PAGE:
So I decided to name my top five and bottom three reads for the year (2013), along with my GoodReads review for each one. I’ll start off with the crappy stuff…
3. Cloud Atlas (D. Mitchell) — “Most of the time, when I see a movie and then read the book – the book is by far the better choice. Sadly, that’s not the case here.”
2. Cyberhenge (D. Cowan) — “Written in 2005, many parts of this author’s perspective are far outdated here in 2013. However, even in looking at the social and technical concepts of the internet as brought forward – the author’s disdain for many of the online aspects of Paganism at that time are quite evident. At the start of his book, he picks out a particular online coven – IOW, a coven that practices their teachings and rituals solely online with one another – and proceeds to utilize that as an anvil to pound his points upon. From my own perspective (and I was around and active on the internet as far back as the mid 1990s), I do not see how a Nature-based practice can be properly brought forward in an environment that lives inside the routers, servers, and connective wiring of the internet. However, that’s solely my own perspective – if it works for someone else, who am I to downgrade that individual’s experience. I would suggest that this particular attitude of my own may have been the primary factor in poisoning my understanding of the cynical (my impression) stance of the author. Considering how out of date this particular book is with today’s internet, and with today’s online Pagan community (which I have personally found to be quite vibrant), I would note recommend this book for anyone looking for an understanding of today’s online Pagan community. Nor would I recommend this book as a good perspective of the online Pagan community of yesteryear, due to my very different perspective of that time frame as well. As a piece of social History on a very narrow window of the online community, its much akin to peeking through a set of closed curtains while standing outside of the house.”
1. Green Energy War (J. Geesman) — “Perhaps one of the worst “books” I have read all year. I was expecting something that moved along the lines of dialogue concerning political directives and policy towards (or even against) Green Energy technologies, philosophy and/or discussion. What I found, instead, was a mishmash collection of blog posts and links to Geesman’s podcast. This, in itself, would not have been so bad if he had written his blog postings on a level that didn’t require a Doctoral degree to interpret his usage of vocabulary. There’s certainly nothing wrong with someone flexing their vocabulary muscles in their writing, but when it hides the meaning of what you are trying to relate to the reader – what you essentially churn out is a bunch of shit. And sadly, that’s what this treatise of Geesman’s devolves to – a huge pile of confusing, nonsensical shit that could have desperately used the assistance of an editor. There was one good aspect to this eBook – it was free.”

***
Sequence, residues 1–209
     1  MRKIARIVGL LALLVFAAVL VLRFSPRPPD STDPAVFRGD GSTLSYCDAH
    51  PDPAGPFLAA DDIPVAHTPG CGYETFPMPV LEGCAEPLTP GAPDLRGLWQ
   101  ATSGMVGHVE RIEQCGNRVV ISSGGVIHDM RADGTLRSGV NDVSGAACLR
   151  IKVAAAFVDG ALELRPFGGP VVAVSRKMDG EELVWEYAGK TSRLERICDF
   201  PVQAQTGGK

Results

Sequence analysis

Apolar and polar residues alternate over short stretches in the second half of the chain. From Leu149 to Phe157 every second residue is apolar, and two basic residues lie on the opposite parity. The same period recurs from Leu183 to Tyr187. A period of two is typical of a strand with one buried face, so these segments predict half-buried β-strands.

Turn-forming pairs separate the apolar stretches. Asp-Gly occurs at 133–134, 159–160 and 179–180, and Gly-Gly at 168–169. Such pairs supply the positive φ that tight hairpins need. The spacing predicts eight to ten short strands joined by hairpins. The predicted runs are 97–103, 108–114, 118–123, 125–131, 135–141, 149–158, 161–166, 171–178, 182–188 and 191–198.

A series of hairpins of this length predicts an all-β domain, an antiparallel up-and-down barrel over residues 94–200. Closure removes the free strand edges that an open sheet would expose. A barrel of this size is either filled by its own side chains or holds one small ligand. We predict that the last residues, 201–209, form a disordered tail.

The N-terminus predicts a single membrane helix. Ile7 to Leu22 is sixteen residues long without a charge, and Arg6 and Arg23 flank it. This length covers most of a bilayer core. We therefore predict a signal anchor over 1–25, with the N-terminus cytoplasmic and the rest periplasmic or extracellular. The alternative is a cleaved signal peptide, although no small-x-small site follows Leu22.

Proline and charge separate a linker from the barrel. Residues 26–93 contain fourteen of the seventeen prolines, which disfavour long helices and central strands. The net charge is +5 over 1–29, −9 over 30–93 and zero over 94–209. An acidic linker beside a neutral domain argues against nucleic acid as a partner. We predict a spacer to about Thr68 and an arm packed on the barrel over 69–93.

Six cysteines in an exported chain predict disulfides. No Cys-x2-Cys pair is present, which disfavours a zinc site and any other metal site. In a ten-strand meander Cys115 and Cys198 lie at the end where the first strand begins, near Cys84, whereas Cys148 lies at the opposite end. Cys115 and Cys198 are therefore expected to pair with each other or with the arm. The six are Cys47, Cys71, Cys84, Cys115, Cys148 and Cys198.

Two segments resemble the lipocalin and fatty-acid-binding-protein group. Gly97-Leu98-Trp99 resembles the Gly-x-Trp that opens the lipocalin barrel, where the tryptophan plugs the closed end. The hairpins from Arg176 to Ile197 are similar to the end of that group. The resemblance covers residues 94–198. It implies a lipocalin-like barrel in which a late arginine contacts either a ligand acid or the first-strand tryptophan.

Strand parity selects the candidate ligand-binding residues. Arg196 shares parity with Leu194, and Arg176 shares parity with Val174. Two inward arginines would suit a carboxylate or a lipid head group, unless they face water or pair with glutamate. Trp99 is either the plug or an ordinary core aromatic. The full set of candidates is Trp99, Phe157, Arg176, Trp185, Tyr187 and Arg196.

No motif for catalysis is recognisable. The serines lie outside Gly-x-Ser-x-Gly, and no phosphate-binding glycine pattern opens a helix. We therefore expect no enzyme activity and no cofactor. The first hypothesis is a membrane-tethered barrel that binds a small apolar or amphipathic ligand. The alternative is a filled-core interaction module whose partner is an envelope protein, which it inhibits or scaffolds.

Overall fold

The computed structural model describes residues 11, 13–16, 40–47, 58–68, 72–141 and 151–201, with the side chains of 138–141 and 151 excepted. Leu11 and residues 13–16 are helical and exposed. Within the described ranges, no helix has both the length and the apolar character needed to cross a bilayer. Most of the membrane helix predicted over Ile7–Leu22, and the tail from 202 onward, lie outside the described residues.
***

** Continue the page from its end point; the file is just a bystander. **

…and now for the ones that I actually liked. These five books were the true pinnacle of my reading for the year. I HIGHLY recommend these books to anyone…
5. Sleeping Where I Fall (P. Coyote) — “Peter Coyote documents both the time he spent in the counter-culture communities of the Diggers and the Free Family — as well as the colorful, endearing, and sometimes contradictory individuals that traveled along that Path with him. The book also documents some of the successes and failures of the intentional communities he helped organize and participate within. While some may consider much of the book as a cautionary tale about drug usage and free-sex…that doesn’t seem to be the case to me as a reader. I see the contents of the book as a celebration, a re-telling of a time frame in our (Americans) History that is continually trivialized in the press, and swept under the rug in the newer History texts. The book helps to chronicle some of the cultural and social struggles our country went through, as well as some of the racial issues — all of which we (Americans) continue to face today in on measure or another. Instead of talking the ideals of the Hippie movement, Peter lived those ideals. For better and for worse. For me, I step away from this book with a greater understanding of the time frame – not a perfect understanding, just a better one. Plus, I was provided the chance to not only get to know Peter, but all of the people that he details from within his life.”
4. Neither Wolf Nor Dog (K. Nerburn) — “Quite honestly, this was one of the most uncomfortable reads that I have ever undertaken. The author takes on the task of telling the points of view of an Indian elder. The topics range from religion to the brutality the Indians faced in the colonization (and that’s not even the right word) of the Western frontier and even into religion, spirituality and racism. Many times, I found myself challenged over my own individual perceptions – and even found some of my perspectives lacking in what was described. I will highly recommend this book to anyone wanting to read about those topics -a dn more – from the perspective of an Indian elder, as well as the internal feedback of the white author.”
3. Facing the Darkness (C. Treadwell) — “Everyone has had those moments of internal darkness. Those moments where it feels like the entire world is looking down their nose at you. Those moments where you think the Flintstones character Schleprock was written about you (the character that always has a rain cloud with lightning following him around). And rarely is there anyone who seems willing to just sit and listen and UNDERSTAND without judging. Well, here’s someone that will – and since she cannot clone herself millions of times over for the world (though I like that idea) – Cat Treadwell has written “Facing the Darkness”.